The Biggest Weaknesses a Start-up CEO Should HaveJul 08, 2021
The Biggest Weaknesses a Start-up CEO Should Have
Yes, weaknesses. All you read about is what makes a great CEO, “Five Qualities you can Find in the Best CEOs”, so on and so forth.
Cut them some slack. Allow them their weaknesses, and see where those lead them.
- Great power = great responsibility. But too much responsibility…
The CEO is the big boss, so naturally, everything falls on them. There is a lot that goes on in a company, especially if it is a new start-up. From funding to marketing to sales – too much for just one person to take on alone.
Undoubtedly, there are some jobs that only a CEO can do – such as hiring and delegating.
Sometimes, start-up CEOs tend to forget that. In their minds, they play every role – from PR to marketing to support.
This tends to result in an overworked and wrung-out CEO.
It is these CEOs, however, that have the passion to cover all bases. They possess the skill of paying attention to details and being adept in several aspects.
- Breaks? What are those?
CEOs are incessant workers. Their unending work routine starts early in the morning, ends late at nights, and hardly contains a slot that says ‘break time’.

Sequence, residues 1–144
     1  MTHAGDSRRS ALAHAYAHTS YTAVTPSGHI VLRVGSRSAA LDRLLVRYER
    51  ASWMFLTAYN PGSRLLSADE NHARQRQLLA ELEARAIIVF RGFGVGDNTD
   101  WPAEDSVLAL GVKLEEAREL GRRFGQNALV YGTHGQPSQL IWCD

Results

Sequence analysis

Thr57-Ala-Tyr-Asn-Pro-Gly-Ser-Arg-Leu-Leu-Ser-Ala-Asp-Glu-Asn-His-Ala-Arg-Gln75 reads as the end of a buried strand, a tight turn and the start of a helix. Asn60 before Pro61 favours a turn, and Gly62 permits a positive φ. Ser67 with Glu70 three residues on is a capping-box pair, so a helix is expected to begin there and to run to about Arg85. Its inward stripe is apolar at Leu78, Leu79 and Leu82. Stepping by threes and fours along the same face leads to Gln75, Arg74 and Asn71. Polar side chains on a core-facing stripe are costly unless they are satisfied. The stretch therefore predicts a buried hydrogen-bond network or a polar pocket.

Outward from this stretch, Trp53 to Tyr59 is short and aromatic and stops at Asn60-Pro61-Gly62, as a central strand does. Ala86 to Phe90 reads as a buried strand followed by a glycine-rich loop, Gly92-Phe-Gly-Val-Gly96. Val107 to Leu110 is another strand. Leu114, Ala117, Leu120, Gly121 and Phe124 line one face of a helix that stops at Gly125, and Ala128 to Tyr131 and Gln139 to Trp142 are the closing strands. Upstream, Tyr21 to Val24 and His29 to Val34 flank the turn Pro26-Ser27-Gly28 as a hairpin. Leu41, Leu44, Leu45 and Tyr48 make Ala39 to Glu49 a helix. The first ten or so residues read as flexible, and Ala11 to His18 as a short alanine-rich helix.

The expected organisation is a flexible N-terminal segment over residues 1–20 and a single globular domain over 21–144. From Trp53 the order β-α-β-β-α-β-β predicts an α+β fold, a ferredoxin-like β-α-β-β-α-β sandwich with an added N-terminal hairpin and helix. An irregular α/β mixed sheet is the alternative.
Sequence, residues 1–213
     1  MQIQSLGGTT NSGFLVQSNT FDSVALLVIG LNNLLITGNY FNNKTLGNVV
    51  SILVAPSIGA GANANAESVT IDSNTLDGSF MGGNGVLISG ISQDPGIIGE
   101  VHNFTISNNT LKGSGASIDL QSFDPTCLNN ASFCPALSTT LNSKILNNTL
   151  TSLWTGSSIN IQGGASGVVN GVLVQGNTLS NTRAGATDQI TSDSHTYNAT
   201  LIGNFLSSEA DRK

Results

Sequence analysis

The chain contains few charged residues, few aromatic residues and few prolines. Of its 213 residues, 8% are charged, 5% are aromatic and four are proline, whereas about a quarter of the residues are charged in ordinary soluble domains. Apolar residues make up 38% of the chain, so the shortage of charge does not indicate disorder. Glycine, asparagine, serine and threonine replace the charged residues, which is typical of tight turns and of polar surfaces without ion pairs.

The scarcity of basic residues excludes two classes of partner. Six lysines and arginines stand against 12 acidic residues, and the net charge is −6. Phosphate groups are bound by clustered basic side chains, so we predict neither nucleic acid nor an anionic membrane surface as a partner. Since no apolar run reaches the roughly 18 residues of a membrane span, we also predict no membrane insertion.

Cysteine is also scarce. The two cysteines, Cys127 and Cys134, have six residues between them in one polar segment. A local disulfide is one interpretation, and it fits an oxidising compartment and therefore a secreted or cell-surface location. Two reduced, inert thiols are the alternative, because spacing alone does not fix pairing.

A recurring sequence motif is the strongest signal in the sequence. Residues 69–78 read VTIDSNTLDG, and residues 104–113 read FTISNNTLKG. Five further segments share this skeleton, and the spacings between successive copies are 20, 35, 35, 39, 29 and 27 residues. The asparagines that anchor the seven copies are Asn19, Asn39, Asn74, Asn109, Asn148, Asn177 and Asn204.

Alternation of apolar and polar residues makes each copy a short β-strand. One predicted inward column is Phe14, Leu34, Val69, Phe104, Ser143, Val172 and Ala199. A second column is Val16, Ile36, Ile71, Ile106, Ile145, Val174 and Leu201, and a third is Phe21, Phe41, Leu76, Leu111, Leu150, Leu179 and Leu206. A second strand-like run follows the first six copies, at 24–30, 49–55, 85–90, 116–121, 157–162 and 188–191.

This worsens with start-up CEOs. Their lives revolve around getting their start-up’s wheels turning, and making sure they keep turning and gaining momentum.
The cost? Going for walks, jogs, or even a simple lunch break at times. Eventually, the lack of breaks would weigh down on even the best of CEOs.
It cannot be denied, however, that this sort of motivation cannot be found in just any individual. Employees may even feel spurred by their CEO to push themselves and explore their potentials.
- “Sleep is for the weak.”
A good sleep cycle is between 7 and 9 hours long. This information does not seem to have an effect on CEOs.
Reset My Business CEO Darren Witmer sleeps for not more than 4 hours every night. On the other hand, STS Capital founder Gregory McKee religiously gets his 8 hours of rest every night. He claims he cannot function effectively otherwise.
Either way, every CEO requires sufficient sleep to be efficient the next day. When they compromise that, the problems arise.
Being so driven that even the lack of sleep cannot be a deterrent, though, is admittedly impressive, albeit begrudgingly to some. Investors look for this conviction in a CEO. Many would admit they are hard-pressed to find CEOs worth their mettle.
- Thinking they are not just Captain America, but all the Avengers combined.
Around-the-clock working and lack of enough rest definitely takes a toll on mental health. Exhaustion can unconsciously instill negative emotions, such as frustration and despair.
This can translate into several outcomes, few of them good. Members of a start-up are generally more energetic, as is necessary. But overdoing it burn out the entire team; especially the CEO, who does more.
The takeaway here? The CEO’s mindset. Physical limitations regardless, their belief in themselves and their team to get work done transcends those boundaries.